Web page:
The Boeing 747-100 Vs The Boeing 747-8

How far has the Boeing 747 come since its first edition, the 747-100, to the modern Boeing 747-8I? Let’s have an in-depth look at a comparison of the two types.

Roll out of the Boeing 747-B took place at Everett, Washington, on September 30.
1968. Photo: SAS Scandinavian Airlines

Why they are different

To begin, we should point out there are several factors that influenced the evolution of the Boeing 747 that make them very different aircraft. Originally built as a way to fix congestion at airports (Pan Am asked Boeing for a plane twice the size of the 707), the 747 would go on to have several other breakthroughs.

Boeing built the aircraft in a time when air travel was for the elite of society. The 747 allowed for the creation of a new economy class and opened up travel for passengers of all backgrounds. Years later, economy and business classes would become common, but they began with the space offered on the 747.

With its four engines, the 747 offered the most extended range in the world and connected far-flung destinations. However, that role was lost with the revision of ETOPS (allowing twinjet aircraft to cross oceans) and regulating the 747 to a further niche.

Lastly, technology has come a long way since the first Boeing 747-100 took off on January 15, 1970. Today’s aircraft like the Airbus A350 and Boeing 787, use composite fuselages, specialized engines and modern cabin layouts that allow for better fuel economy, passengers and range. Thus, the 747-8I, the last of the line, is superior in nearly every way to its founder.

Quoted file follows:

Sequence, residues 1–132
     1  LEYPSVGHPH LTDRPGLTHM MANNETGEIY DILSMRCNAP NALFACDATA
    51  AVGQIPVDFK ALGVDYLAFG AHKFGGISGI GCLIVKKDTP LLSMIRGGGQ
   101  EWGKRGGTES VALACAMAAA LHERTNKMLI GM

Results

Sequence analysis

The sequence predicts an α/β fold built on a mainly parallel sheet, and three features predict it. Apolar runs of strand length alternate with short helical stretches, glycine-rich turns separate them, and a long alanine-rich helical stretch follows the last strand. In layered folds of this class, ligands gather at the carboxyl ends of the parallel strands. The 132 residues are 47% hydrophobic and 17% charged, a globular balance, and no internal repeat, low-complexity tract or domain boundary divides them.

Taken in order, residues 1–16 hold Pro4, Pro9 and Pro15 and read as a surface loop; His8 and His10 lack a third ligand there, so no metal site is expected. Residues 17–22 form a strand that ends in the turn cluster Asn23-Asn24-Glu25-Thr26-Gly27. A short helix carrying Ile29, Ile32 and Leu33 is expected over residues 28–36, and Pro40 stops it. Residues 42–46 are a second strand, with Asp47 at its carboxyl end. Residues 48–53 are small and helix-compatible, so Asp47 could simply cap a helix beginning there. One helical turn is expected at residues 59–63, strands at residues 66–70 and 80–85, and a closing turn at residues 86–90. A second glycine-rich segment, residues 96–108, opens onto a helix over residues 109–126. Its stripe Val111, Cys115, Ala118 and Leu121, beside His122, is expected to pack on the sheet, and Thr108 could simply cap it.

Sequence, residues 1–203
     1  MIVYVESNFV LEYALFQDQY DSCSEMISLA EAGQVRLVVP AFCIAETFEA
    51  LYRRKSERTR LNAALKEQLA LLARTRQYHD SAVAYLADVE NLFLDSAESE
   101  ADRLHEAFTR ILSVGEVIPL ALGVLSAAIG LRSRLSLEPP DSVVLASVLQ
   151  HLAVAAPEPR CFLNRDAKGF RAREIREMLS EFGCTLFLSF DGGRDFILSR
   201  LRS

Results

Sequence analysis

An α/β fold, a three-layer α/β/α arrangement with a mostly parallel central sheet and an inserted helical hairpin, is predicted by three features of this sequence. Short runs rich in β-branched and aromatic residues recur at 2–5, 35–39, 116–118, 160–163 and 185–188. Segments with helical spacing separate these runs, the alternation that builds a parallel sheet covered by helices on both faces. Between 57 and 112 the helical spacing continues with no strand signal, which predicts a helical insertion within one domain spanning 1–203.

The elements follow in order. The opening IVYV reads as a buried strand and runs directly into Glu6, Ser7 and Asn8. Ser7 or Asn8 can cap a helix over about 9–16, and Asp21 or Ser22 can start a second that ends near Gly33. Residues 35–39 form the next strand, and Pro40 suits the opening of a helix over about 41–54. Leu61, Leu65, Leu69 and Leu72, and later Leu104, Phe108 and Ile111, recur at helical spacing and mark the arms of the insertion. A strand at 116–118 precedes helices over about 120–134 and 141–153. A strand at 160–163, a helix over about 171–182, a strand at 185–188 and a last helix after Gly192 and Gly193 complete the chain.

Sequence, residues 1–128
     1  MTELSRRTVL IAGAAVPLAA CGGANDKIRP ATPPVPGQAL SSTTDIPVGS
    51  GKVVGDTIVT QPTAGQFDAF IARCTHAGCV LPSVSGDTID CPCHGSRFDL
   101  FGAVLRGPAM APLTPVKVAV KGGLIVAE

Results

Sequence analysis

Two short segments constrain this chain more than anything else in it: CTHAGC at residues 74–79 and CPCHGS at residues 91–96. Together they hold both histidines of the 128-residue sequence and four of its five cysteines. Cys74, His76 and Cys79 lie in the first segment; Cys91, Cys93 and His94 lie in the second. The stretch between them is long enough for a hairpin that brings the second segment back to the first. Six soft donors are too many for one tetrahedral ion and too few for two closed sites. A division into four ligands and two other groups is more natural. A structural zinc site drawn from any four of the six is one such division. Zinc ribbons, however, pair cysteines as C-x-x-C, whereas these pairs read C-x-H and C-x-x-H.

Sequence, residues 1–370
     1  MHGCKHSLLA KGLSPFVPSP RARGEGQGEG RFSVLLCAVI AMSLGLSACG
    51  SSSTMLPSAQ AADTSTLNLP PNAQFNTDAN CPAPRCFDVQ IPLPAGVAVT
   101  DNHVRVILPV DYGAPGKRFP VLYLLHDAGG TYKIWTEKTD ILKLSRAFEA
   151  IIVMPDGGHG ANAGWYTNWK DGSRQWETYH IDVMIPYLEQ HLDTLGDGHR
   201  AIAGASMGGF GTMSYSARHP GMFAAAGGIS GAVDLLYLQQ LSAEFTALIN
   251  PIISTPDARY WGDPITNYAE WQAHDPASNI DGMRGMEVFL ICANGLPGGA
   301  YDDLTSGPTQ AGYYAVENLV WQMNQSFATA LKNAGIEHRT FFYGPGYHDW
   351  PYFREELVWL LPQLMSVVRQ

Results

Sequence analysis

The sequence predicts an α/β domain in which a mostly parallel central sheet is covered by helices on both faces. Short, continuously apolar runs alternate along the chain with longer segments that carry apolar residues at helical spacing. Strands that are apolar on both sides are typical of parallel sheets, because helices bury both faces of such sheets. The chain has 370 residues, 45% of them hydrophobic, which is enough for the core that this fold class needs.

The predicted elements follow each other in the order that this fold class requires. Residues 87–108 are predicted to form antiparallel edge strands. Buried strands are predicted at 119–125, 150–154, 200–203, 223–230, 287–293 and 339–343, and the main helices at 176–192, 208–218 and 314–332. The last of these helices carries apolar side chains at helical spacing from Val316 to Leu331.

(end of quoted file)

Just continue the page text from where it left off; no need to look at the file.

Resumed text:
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A Lufthansa Boeing 747-8I. Photo: Lufthansa


Let’s start by looking at the passenger capacity of the 747-100 vs. the 747-8I.

The 747-100 could seat 366 passengers in the typical three-class configuration (although it initially didn’t have business class). But 747-100 aircraft would be retrofitted with the cabin concept, giving it 32 passengers in first, 74 in business class, and 260 in economy class. The airframe itself was rated for a maximum of 440 to 550 passengers, depending on how the cabin is configured (access to emergency exits).

The 747-8I today has the same three-class layout (despite many airlines removing first-class and introducing premium economy instead), seating 467 passengers onboard. There are 24 passengers in first class, 87 in business class, and 356 in economy. The 747-8I can carry 495 to 605 max passengers.

The layouts also changed dramatically over the years, from the upstairs ‘hump’ changing from a lounge into a business cabin, to more seats per row on the economy deck.

From this comparison, we can see the following changes:

  • The 747-8I is bigger and can carry more passengers.
  • There are fewer first class seats on the 747-8I than the 747-100, but more business class passengers. This may have to do with first class slowly becoming less popular with the market.
Getty BOAC first class 747 cabin
BOAC first class 747 cabin back in 1970. Photo: Getty Images


The two aircraft have the following range:

  • 747-100 can fly a range of 4,620 nautical miles (8,556 km).
  • The 747-8I can fly a range of 7,730 nautical miles (14,320 km).

The range increase is due to better engines and aerodynamics of the Boeing 747-8I. The -8I incorporated several improvements from the 787 program (hence the -8 number) that improved fuel burn and range.

The Boeing 747 has come a long way from the -100 to the -8I, and we can only imagine what improvements may have reached had the world not taken another course. For now, the story ends with the 747-8I, but the spirit will live on in other Boeing aircraft.

What do you think? Did you ever fly on the 747-100? Let us know in the comments.